NGO’s Helping in The Gambia
Thursday, May 10, 2012
Many Charities and NGOs operate in Africa - and The Gambia has its fair share. Billions of pounds have been pumped into this continent but, sadly, in many cases, there is little to show for the money spent. They arrive with good intentions but they have little knowledge of the country, its people or the way the system works.
I’m not saying that all Charities and NGOs are bad; some are very good with the projects well considered and they give benefit.
Let us now consider the damage that can be done by well-meaning people who have no idea how things work in Africa and who make promises that they cannot keep.
Water is probably the most important commodity in Africa. The Gambia has had various organisations that aimed to give residents of villages the prospect of fresh water from a stand pipe.
Under normal circumstances, it comes from shallow wells and it is brought up by rope and bucket – ensuring that not a drop is wasted. But there is a problem. The first water table is polluted by the people who use it, not their fault as they have little choice. Toilets are holes dug in the ground directly over the water table. The WHO suggests that a well should be at least 30 metres from a toilet, but most compounds are not that large, so faecal coliform is an added ingredient to the drinking water – and Abuko water resources can confirm that fact. A local village was promised a water supply, the villagers had to dig the trenches for the pipework. The NGO had a borehole sunk, supplied a water storage facility and built a secure enclosure for the borehole, pump and the generator used to run the system.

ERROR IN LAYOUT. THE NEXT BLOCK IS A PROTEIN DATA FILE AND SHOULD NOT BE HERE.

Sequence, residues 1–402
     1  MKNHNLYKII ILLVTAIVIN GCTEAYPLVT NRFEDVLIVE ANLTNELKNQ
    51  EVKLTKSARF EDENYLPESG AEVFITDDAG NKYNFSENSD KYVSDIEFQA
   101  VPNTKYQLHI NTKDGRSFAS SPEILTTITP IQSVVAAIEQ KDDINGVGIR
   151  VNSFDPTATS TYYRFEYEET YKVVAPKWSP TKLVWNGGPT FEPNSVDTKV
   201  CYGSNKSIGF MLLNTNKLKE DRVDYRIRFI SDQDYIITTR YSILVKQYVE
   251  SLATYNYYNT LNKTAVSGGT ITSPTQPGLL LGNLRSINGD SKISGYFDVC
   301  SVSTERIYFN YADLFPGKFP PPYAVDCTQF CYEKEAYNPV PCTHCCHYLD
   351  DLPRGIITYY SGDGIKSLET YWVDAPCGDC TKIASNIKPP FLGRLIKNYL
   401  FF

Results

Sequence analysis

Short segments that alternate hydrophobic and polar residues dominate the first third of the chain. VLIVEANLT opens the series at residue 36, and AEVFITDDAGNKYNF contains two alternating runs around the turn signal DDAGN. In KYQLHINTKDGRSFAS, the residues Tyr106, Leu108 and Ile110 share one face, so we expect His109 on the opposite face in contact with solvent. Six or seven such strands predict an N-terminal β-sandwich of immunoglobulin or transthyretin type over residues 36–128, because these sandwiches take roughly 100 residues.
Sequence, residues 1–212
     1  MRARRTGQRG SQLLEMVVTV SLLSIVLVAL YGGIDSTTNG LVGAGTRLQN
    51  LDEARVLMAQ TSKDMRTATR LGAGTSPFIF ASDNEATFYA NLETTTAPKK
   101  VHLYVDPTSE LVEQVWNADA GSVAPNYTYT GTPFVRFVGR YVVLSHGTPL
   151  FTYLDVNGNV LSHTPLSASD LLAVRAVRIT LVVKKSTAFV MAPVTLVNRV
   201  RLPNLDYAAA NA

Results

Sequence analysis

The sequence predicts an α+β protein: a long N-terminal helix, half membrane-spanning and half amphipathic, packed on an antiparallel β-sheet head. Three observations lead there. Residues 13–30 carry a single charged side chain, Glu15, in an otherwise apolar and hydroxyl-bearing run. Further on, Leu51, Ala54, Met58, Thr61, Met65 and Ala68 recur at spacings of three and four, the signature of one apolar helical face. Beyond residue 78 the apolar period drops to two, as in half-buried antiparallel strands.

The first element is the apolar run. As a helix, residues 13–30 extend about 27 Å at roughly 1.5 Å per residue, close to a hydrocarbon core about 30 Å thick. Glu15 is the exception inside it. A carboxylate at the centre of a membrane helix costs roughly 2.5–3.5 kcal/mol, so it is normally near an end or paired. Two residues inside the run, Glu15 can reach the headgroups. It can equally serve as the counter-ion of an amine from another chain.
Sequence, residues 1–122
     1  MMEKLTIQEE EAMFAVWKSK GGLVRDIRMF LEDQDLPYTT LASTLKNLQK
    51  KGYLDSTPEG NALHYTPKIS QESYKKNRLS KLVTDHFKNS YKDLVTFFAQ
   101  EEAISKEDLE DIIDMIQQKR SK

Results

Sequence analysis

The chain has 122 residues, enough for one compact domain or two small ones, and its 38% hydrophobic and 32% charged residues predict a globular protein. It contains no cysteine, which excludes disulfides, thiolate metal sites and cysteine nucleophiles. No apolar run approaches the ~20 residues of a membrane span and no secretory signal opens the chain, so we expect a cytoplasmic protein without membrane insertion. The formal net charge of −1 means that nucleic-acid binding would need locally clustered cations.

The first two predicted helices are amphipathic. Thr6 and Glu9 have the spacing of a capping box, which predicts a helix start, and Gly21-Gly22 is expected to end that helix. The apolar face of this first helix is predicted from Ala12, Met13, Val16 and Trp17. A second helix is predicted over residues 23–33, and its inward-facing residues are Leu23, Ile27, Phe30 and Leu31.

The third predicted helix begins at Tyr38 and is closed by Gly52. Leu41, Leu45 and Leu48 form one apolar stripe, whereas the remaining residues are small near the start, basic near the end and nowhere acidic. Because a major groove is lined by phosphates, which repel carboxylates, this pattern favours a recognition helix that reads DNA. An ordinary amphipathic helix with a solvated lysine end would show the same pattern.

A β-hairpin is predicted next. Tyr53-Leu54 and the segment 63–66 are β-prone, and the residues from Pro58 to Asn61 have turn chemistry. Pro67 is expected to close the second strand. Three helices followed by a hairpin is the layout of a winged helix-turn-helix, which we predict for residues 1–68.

I questioned the need for a generator, their argument was that the villagers had to be taught to look after things and, if they paid for them to operate, it would make the project work. The generator ran for the time it took for the celebration lauding the generous people who had done this magnificent work for the village but it has sat silently for a year. Why? Because it’s impossible to get everybody to pay for the fuel! Who is going to apportion the costs, collect the money and buy the diesel? Quite apart from the fact that what each lady has grown, will not cover her bill – so much for help!
The Gambia has plenty of sunshine – even in the rainy season - and a solar system would have worked perfectly well and supplied water every day. Why introduce an unworkable pay-to-use system?
An NGO was set up to help farmers. In their wisdom, it was decided to use a donkey to draw water through a very elaborate system that involved counter-weights and pulleys – a design so well thought out that, had it been implemented, we would have dead donkeys lining the road as they would be taking the entire load to get this contraption moving. I suggested to the designer that he should take the place of the donkey to see what issues there were – he declined; I wonder why? I have always worked on the KISS principle – Keep it Short and Simple.